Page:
But one other special guest that was very dear to me was Warrel Dane from Sanctuary and Nevermore. I met him on my first big North American tour with Megadeth and Sanctuary and we stayed in touch. I saw him last year at Wacken and I told him we had this song song called "All For Metal" and asked if he'd like to sing on it and be in the video.
Oz: It makes it that much more special. It adds a sad element to the song, though it is all about coming together. It's almost nice to have him on there because we have a voice of the past next to voices of the present.
Doro: Yeah and he actually came to my twenty fifth anniversary on the longest plane ride. It was like fifty hours, changing planes and everything, just to sing one song with us in Düsseldorf and then another fifty hour journey to get home to Seattle.
Oz: Well, going back to some of your earlier songs, my absolute favourite Doro song is "Bad Blood". I was really hoping to hear it tonight or at Bloodstock. Maybe in March when you come back. Part of the reason why it's my favourite is because it has that great timeless message of unity and anti-racism, anti fascism. Unfortunately it's now almost more true than ever because of some of the stuff we're seeing in the world today.
Doro: Yeah and I remember, I think it was voted by the MTV viewers, as best anti racist video in 1993 and they played the video over and over. Actually around that time I filled in for Vanessa Warwick on Headbanger's Ball because she was off on vacation. I think it's a great song and we'll definitely play it next time but you know, being a special guest tonight we only had forty five minutes so only eight or nine songs.
Oz: Of course, you have two new albums to promote, as well as Warlock material as well as "Raise Your Fist" which is as integral to the set as "Bad Blood" or "I Rule The Ruins."
Doro: And of course "All We Are" and "Burning The Witches," which I love because that was our first record and when we first came to the UK.
Oz: Well while we're talking about "Burning The Witches" it's the thirty fifth anniversary of the album. Do you think if the new album hadn't been released this year you would have done something to celebrate it like performing the album in full?
Doro: Actually last year we played the "Triumph and Agony" album in its entirety which was pretty cool. We did some festivals like Sweden Rock but to be honest, playing all of "Burning The Witches" didn't even cross my mind. Maybe we'll do a few shows like that but of course we've just started the tour for the new album and possibly next year we'll play all of "Forever Warriors, Forever United" and maybe squeeze in some "Triumph and Agony" shows but maybe do something for "Burning The Witches" as well.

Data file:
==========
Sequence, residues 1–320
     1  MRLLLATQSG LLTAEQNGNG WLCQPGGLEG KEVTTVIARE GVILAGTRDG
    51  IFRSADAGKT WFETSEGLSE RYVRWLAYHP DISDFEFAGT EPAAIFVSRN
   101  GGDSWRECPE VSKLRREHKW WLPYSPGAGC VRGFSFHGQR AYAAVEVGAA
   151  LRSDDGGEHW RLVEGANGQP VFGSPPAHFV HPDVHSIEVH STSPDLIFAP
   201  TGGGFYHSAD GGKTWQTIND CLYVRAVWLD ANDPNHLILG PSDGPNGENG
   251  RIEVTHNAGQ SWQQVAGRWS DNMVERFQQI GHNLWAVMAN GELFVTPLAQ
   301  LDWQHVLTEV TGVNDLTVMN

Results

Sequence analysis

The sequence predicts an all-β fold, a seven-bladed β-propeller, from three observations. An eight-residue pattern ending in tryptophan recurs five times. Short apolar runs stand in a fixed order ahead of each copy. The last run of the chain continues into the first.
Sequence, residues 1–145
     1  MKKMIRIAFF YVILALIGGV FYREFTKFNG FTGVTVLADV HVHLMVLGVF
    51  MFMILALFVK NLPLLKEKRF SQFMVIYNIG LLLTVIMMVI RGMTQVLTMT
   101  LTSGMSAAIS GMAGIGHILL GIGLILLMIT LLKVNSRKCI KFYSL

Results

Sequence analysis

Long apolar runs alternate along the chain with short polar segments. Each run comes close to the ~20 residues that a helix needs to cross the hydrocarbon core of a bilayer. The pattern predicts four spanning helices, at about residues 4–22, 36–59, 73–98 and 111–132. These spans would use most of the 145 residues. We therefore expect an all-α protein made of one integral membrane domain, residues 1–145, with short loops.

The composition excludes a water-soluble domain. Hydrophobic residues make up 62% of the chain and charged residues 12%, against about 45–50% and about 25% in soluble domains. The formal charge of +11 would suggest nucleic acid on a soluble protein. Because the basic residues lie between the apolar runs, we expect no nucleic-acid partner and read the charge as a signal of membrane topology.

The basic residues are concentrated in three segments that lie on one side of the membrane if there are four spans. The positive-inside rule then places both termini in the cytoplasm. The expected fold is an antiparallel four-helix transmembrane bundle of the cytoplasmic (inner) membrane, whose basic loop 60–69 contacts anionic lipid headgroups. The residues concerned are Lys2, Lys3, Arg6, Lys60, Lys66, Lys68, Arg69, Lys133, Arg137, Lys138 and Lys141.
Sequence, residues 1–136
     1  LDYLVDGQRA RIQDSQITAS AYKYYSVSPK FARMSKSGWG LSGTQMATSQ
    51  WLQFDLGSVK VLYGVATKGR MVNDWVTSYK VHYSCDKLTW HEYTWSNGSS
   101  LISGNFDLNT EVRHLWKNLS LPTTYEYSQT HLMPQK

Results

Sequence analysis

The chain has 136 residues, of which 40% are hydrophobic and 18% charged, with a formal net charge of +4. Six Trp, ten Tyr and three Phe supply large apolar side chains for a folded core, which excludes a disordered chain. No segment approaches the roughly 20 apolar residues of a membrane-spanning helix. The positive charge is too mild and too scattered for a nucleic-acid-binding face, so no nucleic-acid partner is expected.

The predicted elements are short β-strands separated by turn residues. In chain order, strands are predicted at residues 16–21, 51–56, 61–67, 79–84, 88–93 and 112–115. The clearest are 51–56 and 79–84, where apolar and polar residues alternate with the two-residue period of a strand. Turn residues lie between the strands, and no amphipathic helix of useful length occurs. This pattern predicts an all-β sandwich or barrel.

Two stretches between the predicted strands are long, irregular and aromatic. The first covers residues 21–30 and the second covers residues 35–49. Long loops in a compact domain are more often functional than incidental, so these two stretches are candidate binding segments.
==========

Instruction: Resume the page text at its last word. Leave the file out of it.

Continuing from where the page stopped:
Oz: Yeah, it always goes down well live because it's like a firework. It just goes off!
Doro: And the ballad, "Without You." We played it a few years ago and I got a little teary eyed. It was actually our first ballad. You know, I like the heavy stuff, the hardcore, aggressive and I like the super soulful stuff.
Oz: Well you do both so well. You have the anthems like "All We Are" and then the ballads like "Kiss Me Goodbye" and "Love Me In Black." They're really beautiful songs.
Doro: Yeah I like it all. Whatever feels good.
Oz: Well, one last thing I wanted to ask you about is that we're now seeing more women than ever in heavy metal and for the most part, a lot of the best music is coming from women. For example we have Nervosa from Brazil or Myrkur from Denmark and so many other amazing female metal musicians. When you were starting out, did you feel it was always going to be male dominated and that you'd be fighting forever?
Doro: You know I always felt really comfortable. It was never a fight, I always had this great connection with metalheads right away. Sometimes I felt a bit lonely but it was always cool and there was some great women around then too. I was always great friends with Girlschool, Lita Ford and one band I really love, Rock Goddess. I'm so happy they're back! I have my own radio show in Germany where I can play whatever I like and I always play "My Angel" by Rock Goddess. There was some great bands back then but now it's a much better balance. I'm a big fan of Arch Enemy and Battle Beast but to me, my role models were all men like Rob Halford, Lemmy, Ronnie James Dio and Bruce Dickinson. For me though, that doesn't matter, it's all about the music. But I was always treated really good.
Ollie Hynes has been a writer for Metal Underground.com since 2007 and a metal fan since 2001, going as far as to travel to other countries and continents for metal gigs.